In the first of a two-part series on painting with light, Richard Sibley from AP explains how to use the night as a blank canvas, while armed only with a flashgun.
The word ‘photography’ has Greek origins and means ‘a light paintbrush’ or ‘painting with light’. This meaning is sometimes overlooked, as we tend to think we are capturing a moment or an emotion in time. But in the end, it all boils down to harnessing rays of the visible spectrum to create an image. More often than not we rely on the natural or ambient light to illuminate a scene, but in fact we have many tools available to us with which we can manipulate light as we see fit.
Night provides us with a perfectly blank canvas, and by using a flashgun we can choose which parts of a scene to reveal to the viewer and which to keep hidden in the darkness. The image below was taken in a park at night, and it took a few attempts before I was happy with the result. This is largely because of the nature of the lighting, and it can take some time to work out how much light each part of the scene will need.
I placed a Nikon D300 on a tripod and set the camera to a 30sec exposure at f/8, with a sensitivity of ISO 400. Then, using a Nikon SB-800 Speedlight (attached to a Quantum Turbo 2x2 battery pack for fast recharging) and an SB-600 Speedlight, I went around the scene lighting the subject in the foreground and the trees in the background.
Night provides us with a perfectly blank canvas and, by using a flashgun, we can choose which parts to reveal and which to keep hidden.
My first port of call was to measure the ambient light. A 30sec exposure turned the sky a deep amber colour, due to the town lights a few miles away. It was also enough time for me to run around lighting the scene. Rather than setting the flash to full power, I instead chose to set the flashguns on 1?8 power. This allows more flexibility when filling in areas with light; they can be made more, or less, dramatic by firing multiple times. Using the flashgun’s GN, I calculated how many flashes were needed to light each area. Lighting the subject and foreground took five flashes. A further two were used to light up the picnic bench in the background. The main silver birch tree took around seven flashes, and the trees to the left around four. A few more, to add a little light to the ground, were fired as I ran quickly between the locations.
The light on the subject was from about 45° and slightly above head height of the subject. A couple of flashes were used to fill in the front and foreground. I then rushed to light up the silver birch trees in the background. With only 30 seconds to run and light each location I had to be extremely quick, and some of the results simply didn’t work out.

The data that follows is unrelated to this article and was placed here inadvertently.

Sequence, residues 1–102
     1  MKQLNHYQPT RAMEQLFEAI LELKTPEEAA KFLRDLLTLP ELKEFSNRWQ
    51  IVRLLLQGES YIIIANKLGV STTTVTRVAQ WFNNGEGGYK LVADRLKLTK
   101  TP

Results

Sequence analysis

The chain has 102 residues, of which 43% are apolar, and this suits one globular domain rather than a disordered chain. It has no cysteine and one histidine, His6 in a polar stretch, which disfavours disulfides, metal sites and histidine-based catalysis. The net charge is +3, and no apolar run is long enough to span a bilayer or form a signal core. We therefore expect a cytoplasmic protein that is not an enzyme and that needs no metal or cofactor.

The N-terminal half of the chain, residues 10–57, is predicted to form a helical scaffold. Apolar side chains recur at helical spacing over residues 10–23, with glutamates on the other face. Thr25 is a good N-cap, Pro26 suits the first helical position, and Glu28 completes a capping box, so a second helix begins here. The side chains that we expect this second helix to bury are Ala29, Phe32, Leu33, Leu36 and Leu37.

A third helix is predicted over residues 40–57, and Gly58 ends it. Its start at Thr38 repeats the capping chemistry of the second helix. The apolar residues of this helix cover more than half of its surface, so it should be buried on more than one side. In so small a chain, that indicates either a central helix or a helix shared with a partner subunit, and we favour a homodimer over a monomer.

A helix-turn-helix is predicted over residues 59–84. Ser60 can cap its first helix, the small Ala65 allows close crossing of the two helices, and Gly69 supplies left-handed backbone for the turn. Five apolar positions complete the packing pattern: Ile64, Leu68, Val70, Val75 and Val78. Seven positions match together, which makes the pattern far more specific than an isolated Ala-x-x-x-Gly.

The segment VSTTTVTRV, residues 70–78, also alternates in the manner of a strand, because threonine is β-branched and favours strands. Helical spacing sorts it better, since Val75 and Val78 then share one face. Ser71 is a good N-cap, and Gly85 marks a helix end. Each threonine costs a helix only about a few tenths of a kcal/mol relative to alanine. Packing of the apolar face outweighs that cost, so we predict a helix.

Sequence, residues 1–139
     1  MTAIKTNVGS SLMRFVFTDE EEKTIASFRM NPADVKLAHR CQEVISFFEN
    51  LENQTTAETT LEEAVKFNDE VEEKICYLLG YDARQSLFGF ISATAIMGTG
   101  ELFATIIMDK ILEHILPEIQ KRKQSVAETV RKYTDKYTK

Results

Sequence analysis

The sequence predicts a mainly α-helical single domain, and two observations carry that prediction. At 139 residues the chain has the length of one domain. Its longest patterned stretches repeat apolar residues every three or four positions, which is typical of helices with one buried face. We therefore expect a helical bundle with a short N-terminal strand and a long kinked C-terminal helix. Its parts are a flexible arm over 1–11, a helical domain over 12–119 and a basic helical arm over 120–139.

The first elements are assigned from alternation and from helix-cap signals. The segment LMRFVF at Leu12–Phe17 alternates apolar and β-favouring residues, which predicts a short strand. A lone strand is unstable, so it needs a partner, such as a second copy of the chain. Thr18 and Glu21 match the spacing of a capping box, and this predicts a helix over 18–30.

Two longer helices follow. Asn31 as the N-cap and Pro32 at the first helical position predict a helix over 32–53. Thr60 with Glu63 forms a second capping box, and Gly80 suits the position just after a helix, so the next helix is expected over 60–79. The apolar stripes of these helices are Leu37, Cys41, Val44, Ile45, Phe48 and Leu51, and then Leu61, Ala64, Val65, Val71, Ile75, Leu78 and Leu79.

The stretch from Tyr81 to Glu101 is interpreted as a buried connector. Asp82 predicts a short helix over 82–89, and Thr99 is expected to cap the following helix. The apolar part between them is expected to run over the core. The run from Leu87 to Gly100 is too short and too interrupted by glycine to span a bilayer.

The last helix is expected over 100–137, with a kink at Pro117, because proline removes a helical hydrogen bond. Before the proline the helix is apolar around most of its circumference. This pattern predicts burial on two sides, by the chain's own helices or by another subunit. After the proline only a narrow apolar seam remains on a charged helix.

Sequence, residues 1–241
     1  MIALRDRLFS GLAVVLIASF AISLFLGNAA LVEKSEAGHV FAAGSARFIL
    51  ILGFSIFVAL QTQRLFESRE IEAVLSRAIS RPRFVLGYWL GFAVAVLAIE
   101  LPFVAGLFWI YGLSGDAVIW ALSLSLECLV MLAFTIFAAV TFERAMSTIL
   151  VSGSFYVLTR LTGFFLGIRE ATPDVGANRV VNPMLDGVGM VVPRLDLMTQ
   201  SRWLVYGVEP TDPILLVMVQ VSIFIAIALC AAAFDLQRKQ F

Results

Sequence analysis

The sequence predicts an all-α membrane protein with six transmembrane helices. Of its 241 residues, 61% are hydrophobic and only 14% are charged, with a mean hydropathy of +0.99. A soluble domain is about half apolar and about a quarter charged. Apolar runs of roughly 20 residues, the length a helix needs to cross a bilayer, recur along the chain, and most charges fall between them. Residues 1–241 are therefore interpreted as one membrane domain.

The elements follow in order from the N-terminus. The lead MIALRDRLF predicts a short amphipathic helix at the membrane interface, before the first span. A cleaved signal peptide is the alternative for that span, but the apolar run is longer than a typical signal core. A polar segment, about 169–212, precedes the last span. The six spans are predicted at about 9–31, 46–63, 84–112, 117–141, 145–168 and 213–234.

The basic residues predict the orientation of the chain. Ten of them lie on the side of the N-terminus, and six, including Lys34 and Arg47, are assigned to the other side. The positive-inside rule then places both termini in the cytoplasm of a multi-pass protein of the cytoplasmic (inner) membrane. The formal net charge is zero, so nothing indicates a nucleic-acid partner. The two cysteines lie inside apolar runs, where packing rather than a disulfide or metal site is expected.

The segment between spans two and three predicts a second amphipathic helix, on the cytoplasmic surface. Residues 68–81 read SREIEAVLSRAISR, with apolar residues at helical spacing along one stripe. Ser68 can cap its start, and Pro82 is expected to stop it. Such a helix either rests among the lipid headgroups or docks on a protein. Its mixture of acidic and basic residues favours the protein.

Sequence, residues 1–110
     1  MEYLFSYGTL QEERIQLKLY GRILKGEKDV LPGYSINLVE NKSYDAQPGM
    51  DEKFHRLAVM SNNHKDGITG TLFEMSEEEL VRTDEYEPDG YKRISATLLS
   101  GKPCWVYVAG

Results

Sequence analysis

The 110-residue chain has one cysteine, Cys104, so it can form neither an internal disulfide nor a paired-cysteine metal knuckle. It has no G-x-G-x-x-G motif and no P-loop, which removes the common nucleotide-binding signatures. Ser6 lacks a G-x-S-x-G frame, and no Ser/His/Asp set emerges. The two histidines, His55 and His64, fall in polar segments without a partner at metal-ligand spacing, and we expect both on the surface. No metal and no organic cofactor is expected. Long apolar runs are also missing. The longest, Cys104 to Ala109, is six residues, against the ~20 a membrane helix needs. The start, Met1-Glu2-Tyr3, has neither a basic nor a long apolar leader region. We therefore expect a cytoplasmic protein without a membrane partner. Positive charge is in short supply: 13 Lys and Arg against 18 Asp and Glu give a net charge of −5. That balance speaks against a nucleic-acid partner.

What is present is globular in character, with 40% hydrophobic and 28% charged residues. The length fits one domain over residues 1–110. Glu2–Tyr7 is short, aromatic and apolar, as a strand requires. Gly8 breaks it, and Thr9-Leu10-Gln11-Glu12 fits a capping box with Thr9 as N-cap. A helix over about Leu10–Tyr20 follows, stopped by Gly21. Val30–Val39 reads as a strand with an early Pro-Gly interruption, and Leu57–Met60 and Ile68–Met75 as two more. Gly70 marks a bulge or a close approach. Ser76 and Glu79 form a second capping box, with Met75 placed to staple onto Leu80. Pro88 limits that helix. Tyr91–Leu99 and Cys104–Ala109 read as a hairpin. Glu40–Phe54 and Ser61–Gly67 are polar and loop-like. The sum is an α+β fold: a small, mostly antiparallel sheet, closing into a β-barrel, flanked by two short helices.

When I was happy with the shot, all that was left to do was adjust the WB of the image to balance the colour of the flash and ambient light. Finally, I cropped the image to a 16:9 ratio to give it the look of a film still.
- Set your flash to a slightly lower power than you would normally. Increase the illumination by firing the flash more than once and from different angles to help build up and fill in areas and objects
- A second pair of hands is very useful, especially if you have a large area of ground to cover within a short space of time. Of course, you can do it all yourself using the B setting on your camera and a release that will allow you to lock the shutter open
- Wear dark clothes so you don’t show up in the shot and make sure your body shields the flash from the camera. Light objects from a few different angles so that silhouettes of yourself don’t appear
- It will be cold if shooting in the winter, which can affect the recycle time of your flashgun as battery performance drops. Keep the batteries and flashgun in an inside coat pocket when not in use to keep them warm
Above is a plan diagram of the locations at which I fired the flash. Sometimes I fired it multiple times at the same location when more brightness was needed, or to light the trees from higher up
In part two we show you how to paint with light on a much smaller scale. Instead of using flashguns outside, we show you how to use a torch inside to light a still-life scene.